Which Marketing Assumption do you think makes the most sense?
Once I land a new client, I don’t need to continue my marketing efforts. All I have to do is produce good legal work and be responsive, and the client will love me and keep coming back.
Now that I’ve succeeded in landing this client, I have to continue my marketing because it takes more than being a good lawyer to keep her.
I suspect #1 is the assumption most of us adopt after our initial marketing efforts have proven successful. We have done everything right to win over this new client….convinced him we have sufficient legal knowledge, experience and record of positive results to land his business.
However, whether we like it or not, Assumption #2 makes the most sense. Retaining clients and getting their referrals requires much more than servicing their legal needs. Retention and future referrals depend on continued legal marketing even though a lot of lawyers would rather focus only on doing the legal work. The need to market to current clients never ends.
So, what does this post-hire phase of legal marketing entail?
1. Expanding the professional relationship beyond strictly business to include a personal dimension. Clients are most likely to stay with you if you are a friend as well as their lawyer. How do you accomplish that?
- Find a common interest in a sport, hobby or interest area and invite the client to attend or become active in those endeavors with you.
- If your client is married or has a partner, you and your significant other can cultivate a friendship with that couple. A couple friendship strengthens your individual bond with the client.
For example, you could go out to dinner periodically, attend events of common interest, put together a quarterly supper club with multiple clients or organize get-together’s in which children from both couples play together.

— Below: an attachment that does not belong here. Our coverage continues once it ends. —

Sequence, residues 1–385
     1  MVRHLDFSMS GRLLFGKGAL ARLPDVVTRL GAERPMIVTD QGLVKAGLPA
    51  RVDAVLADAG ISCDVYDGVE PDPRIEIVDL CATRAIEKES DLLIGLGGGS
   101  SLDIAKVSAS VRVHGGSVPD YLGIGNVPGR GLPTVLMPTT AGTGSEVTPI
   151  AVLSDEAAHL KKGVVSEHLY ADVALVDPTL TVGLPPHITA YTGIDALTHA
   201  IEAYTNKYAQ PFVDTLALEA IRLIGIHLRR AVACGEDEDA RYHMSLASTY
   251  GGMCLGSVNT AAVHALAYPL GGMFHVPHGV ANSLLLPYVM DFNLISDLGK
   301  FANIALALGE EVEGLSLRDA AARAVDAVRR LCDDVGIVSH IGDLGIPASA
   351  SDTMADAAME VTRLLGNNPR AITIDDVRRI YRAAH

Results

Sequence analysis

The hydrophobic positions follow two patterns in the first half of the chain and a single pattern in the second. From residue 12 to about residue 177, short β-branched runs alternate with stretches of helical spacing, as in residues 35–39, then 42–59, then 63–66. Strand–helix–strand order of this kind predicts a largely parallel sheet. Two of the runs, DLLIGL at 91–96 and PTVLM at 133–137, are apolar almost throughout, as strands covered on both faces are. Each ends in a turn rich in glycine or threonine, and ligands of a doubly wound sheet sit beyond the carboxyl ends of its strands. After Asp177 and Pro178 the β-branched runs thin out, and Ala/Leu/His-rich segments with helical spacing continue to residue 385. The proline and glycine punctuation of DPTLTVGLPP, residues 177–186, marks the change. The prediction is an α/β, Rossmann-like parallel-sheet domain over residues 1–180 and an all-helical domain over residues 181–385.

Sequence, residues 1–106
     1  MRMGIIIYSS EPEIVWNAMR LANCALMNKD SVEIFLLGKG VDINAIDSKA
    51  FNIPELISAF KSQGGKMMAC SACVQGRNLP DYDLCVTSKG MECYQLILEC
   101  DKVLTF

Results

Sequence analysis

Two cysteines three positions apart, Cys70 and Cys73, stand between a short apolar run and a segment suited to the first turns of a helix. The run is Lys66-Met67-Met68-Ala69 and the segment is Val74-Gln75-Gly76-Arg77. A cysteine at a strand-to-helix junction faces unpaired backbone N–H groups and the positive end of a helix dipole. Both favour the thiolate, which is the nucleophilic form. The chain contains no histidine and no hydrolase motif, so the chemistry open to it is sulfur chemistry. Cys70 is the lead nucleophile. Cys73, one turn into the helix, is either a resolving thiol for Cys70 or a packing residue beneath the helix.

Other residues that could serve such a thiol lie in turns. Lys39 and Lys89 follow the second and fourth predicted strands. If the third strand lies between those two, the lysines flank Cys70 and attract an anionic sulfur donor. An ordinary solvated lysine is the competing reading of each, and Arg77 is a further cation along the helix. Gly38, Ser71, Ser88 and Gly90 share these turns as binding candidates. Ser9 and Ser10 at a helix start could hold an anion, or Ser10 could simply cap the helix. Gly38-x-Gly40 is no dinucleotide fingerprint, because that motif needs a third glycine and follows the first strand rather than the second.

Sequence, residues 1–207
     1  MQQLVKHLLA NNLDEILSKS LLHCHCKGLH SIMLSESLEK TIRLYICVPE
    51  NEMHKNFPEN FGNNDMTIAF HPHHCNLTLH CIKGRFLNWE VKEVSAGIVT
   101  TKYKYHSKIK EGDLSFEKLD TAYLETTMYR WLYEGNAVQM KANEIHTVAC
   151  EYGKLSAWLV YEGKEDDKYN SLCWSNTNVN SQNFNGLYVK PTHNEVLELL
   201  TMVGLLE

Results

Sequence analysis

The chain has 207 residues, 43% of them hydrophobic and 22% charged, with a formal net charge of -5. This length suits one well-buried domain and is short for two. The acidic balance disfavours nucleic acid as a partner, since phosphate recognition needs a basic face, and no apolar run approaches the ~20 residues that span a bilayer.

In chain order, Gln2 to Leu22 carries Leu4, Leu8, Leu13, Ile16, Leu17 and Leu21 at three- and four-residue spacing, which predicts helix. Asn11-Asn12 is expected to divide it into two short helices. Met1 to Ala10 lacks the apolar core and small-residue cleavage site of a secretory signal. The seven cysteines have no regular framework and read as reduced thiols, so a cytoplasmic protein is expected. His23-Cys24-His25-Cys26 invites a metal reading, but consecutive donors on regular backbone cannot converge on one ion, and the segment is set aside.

2. Continuing to bring value to the client’s business or career beyond the legal help you are providing, e.g. find ways to introduce your client to people in your network of connections who may have business interests similar to your client’s or who might be potential clients for your client.
3. Making yourself an integral part of the client’s business by…
- Visiting your clients’ offices to demonstrate interest in their businesses, as well as their legal needs.
- Gaining the trust and positive regard of your client’s leadership team and administrative staff. Never underestimate the power of their favorable comments.
- Assuming you have business acumen, gaining in-depth knowledge about your client’s industry and his/her business in particular, so you can become a valuable business advisor and a well-informed sounding board, thereby making yourself indispensable as both a legal and a business counselor.
Retaining clients and gaining their referrals requires that you bring on-going value to them beyond the legal advice you provide. The necessity of continuing to market after the client hires you is vital to your success as a rainmaker.
Try implementing one of the marketing suggestions discussed here and judge the results for yourself. You may be able to keep some clients by ignoring recurrent marketing, but you will grow the loyalty of more clients by forging personal relationships with them and becoming an integral part of their businesses.